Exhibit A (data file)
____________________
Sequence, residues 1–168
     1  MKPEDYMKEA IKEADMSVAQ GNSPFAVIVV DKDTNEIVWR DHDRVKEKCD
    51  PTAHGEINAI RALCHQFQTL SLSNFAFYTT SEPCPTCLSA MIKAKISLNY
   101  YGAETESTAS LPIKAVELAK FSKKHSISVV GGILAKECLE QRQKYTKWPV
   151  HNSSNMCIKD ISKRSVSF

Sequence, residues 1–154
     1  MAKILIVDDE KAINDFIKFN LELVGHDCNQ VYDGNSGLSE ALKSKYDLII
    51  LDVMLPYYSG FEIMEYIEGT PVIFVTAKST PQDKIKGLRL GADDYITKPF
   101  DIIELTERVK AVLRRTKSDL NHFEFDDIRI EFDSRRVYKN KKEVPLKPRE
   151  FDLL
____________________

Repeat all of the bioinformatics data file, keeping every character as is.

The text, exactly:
Sequence, residues 1–168
     1  MKPEDYMKEA IKEADMSVAQ GNSPFAVIVV DKDTNEIVWR DHDRVKEKCD
    51  PTAHGEINAI RALCHQFQTL SLSNFAFYTT SEPCPTCLSA MIKAKISLNY
   101  YGAETESTAS LPIKAVELAK FSKKHSISVV GGILAKECLE QRQKYTKWPV
   151  HNSSNMCIKD ISKRSVSF

Sequence, residues 1–154
     1  MAKILIVDDE KAINDFIKFN LELVGHDCNQ VYDGNSGLSE ALKSKYDLII
    51  LDVMLPYYSG FEIMEYIEGT PVIFVTAKST PQDKIKGLRL GADDYITKPF
   101  DIIELTERVK AVLRRTKSDL NHFEFDDIRI EFDSRRVYKN KKEVPLKPRE
   151  FDLL